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Informing best practice in mental health Informing best practice in mental health... - Complex Object ()
Informing best practice in mental health : using feedback to improve clinical outcomes / Elizabeth A. Newnham
[Truncated abstract] Physical healthcare uses a suite of tools for measuring response to treatment. However, reliable systems of regular patient monitoring are rare in mental healthcare. Mental health services often measure a treatment response from pre- to post- therapy, yet measurement between those occasions is less common. This omission is problematic since arguably there is a need for an alarm system in psychotherapy (Andrews & Page, 2005). A substantial minority of patients do not experience reliable change following treatment, and a small proportion deteriorates (Hansen, Lambert, & Forman, 2002; Newnham, Harwood, & Page, 2007). Without monitoring, it is not always possible to know which patients are progressing poorly. Since the publication of Howard and colleagues' (1996) proposal that patient progress be monitored routinely during therapy and the results fed back to clinicians to direct treatment, this monitoring regime has garnered attention in the United States and Europe (Lambert, 2007; Lutz, et al., 2006). Findings in outpatient psychotherapy have demonstrated that providing real-time feedback on patient progress to clinicians and patients significantly improves clinical outcomes for those patients demonstrating a negative response to treatment (Harmon et al., 2007; Lambert et al., 2001; Lambert et al., 2002). What is not yet apparent is how these processes would generalize to inpatient and day patient (i.e. patients attending hospital for a whole day of treatment) psychiatric care. Inpatients often present with greater severity and are treated in an intensive setting. ... Deviations from this expected pattern would highlight possible differences between inpatient and outpatient care. To develop an appropriate system for monitoring patient progress, it was important to first define clinically significant recovery in inpatient psychiatric care, and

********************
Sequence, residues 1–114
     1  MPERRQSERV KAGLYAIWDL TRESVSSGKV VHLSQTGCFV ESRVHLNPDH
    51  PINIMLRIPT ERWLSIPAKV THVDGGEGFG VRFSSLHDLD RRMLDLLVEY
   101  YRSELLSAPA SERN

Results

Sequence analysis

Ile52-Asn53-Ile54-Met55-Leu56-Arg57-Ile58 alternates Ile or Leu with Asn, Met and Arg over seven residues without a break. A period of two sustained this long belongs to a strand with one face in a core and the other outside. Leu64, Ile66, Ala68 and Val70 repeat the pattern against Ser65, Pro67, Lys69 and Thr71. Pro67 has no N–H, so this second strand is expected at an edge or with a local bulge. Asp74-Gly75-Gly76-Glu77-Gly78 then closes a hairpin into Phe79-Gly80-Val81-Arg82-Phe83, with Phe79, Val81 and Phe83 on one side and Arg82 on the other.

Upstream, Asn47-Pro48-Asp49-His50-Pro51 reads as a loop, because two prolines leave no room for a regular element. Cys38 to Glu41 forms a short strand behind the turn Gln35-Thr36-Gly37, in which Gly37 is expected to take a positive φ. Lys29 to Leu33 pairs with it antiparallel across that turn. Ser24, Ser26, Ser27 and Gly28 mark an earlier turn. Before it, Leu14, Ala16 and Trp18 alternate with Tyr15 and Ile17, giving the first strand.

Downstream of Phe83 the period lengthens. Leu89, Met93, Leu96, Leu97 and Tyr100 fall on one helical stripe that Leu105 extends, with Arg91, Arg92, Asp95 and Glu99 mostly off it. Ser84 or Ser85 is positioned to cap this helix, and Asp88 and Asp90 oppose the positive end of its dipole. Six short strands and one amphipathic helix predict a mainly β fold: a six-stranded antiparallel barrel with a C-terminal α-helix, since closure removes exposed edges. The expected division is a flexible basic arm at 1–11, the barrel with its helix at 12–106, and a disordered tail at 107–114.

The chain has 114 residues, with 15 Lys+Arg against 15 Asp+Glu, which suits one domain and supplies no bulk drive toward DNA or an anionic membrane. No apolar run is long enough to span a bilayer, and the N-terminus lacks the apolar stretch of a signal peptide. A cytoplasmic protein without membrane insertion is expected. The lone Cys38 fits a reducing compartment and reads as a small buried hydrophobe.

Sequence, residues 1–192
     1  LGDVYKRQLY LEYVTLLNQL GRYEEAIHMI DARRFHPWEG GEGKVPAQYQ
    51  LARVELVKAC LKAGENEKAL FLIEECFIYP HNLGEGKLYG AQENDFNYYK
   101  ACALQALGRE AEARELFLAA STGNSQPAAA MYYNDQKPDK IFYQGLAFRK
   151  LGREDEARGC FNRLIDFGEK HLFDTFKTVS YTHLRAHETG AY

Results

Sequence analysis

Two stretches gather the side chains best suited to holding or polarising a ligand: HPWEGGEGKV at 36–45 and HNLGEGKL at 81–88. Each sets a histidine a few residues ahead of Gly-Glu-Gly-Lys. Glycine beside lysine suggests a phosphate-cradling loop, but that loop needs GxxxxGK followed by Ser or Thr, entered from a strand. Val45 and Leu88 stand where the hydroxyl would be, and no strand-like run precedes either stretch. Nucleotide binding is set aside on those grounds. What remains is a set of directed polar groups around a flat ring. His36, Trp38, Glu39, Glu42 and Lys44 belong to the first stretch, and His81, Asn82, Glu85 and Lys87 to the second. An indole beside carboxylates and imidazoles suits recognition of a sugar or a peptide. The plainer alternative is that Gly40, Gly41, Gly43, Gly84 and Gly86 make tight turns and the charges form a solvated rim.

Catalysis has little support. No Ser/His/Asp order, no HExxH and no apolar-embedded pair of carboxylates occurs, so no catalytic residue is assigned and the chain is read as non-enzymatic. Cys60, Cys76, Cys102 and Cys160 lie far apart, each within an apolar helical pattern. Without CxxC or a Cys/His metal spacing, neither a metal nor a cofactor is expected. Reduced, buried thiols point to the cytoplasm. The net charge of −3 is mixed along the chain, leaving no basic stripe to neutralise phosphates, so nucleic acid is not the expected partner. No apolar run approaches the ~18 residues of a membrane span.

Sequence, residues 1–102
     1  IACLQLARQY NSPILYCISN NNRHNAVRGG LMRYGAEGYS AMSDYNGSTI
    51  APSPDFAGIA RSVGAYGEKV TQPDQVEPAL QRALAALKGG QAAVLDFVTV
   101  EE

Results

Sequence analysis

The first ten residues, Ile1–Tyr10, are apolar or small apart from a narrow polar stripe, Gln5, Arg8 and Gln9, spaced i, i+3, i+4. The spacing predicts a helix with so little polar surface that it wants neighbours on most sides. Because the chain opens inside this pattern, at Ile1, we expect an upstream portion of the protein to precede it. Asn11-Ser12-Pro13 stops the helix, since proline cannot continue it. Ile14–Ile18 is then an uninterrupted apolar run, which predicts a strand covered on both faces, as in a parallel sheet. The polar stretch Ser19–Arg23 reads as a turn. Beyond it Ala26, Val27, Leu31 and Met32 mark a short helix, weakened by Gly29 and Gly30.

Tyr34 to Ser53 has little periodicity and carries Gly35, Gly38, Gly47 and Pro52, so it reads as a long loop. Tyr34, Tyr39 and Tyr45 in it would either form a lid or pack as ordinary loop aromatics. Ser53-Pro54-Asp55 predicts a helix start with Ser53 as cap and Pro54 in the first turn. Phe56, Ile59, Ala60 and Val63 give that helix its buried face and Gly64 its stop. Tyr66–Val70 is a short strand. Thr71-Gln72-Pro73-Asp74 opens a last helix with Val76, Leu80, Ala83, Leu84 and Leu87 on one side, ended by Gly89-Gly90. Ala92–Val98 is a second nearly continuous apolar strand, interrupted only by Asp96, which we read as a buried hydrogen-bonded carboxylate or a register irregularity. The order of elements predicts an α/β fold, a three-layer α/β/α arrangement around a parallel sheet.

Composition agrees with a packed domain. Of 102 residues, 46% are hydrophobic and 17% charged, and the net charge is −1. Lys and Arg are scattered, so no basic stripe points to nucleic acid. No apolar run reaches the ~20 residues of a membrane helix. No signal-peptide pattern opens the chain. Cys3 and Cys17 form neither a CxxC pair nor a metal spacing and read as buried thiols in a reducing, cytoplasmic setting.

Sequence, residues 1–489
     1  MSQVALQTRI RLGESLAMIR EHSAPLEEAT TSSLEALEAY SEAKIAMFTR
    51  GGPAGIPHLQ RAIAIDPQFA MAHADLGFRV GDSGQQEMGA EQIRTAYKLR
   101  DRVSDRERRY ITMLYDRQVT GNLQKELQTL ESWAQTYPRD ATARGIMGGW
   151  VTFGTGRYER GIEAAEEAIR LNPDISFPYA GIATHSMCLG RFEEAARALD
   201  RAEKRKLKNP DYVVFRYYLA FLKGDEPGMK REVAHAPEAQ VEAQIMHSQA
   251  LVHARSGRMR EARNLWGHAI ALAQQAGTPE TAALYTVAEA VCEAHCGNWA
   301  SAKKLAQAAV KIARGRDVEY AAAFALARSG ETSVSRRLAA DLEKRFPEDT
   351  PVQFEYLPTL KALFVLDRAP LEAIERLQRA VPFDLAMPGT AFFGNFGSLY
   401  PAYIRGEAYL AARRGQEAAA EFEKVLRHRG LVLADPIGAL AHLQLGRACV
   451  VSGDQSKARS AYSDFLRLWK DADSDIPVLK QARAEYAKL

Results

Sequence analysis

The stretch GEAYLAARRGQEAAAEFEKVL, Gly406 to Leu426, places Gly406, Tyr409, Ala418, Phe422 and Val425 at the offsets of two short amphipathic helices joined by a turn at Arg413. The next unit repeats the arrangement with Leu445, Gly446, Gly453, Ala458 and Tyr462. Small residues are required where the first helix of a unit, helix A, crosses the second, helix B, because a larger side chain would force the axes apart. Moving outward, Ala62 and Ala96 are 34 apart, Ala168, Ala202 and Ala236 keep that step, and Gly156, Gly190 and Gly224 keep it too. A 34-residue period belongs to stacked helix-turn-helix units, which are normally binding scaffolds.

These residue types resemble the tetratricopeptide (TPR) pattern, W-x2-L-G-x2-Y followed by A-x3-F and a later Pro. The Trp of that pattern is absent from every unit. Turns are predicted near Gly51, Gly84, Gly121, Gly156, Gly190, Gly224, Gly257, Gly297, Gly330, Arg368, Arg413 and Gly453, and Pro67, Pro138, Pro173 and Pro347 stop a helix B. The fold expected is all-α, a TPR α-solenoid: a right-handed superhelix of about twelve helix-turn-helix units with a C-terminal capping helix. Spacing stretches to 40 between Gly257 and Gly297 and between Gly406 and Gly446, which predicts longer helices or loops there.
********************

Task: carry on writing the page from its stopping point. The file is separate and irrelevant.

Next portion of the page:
provide criteria for clinicians to judge outcome in routine practice (Newnham, Harwood, & Page, 2007). Second, a quick and easy-to-administer system of progress monitoring and real-time feedback was developed to enhance treatment decision making (Newnham, Hooke, & Page, 2009). Third, the system was evaluated to determine clinical effectiveness. Using the World Health Organization’s Wellbeing Index, a program for monitoring patient progress and providing feedback to clinicians and patients was established at Western Australia's largest private psychiatric service. The sample consisted of 1308 consecutive inpatients and day patients whose primary diagnoses were predominantly depressive (67.7%) and anxiety (25.9%) disorders. Feedback to patients and clinicians was effective in reducing depressive symptoms (F (1,649) = 6.29, p<.05) for those patients at risk of poor outcome, but not effective in improving wellbeing (F (1,569) = 1.14, p>.05). The findings support the use of progress monitoring and feedback in psychiatric care to improve symptom outcomes, but raise questions about changes in wellbeing during psychotherapy. The effectiveness study was conducted as a historical cohort trial, consistent with quality improvement efforts, and replication with a randomized controlled design is warranted. Feedback of progress information appears to be an important process within psychotherapy, and further investigation of the means by which clinicians and patients use that information is necessary.
Thesis (Ph.D.)--University of Western Australia, 2009
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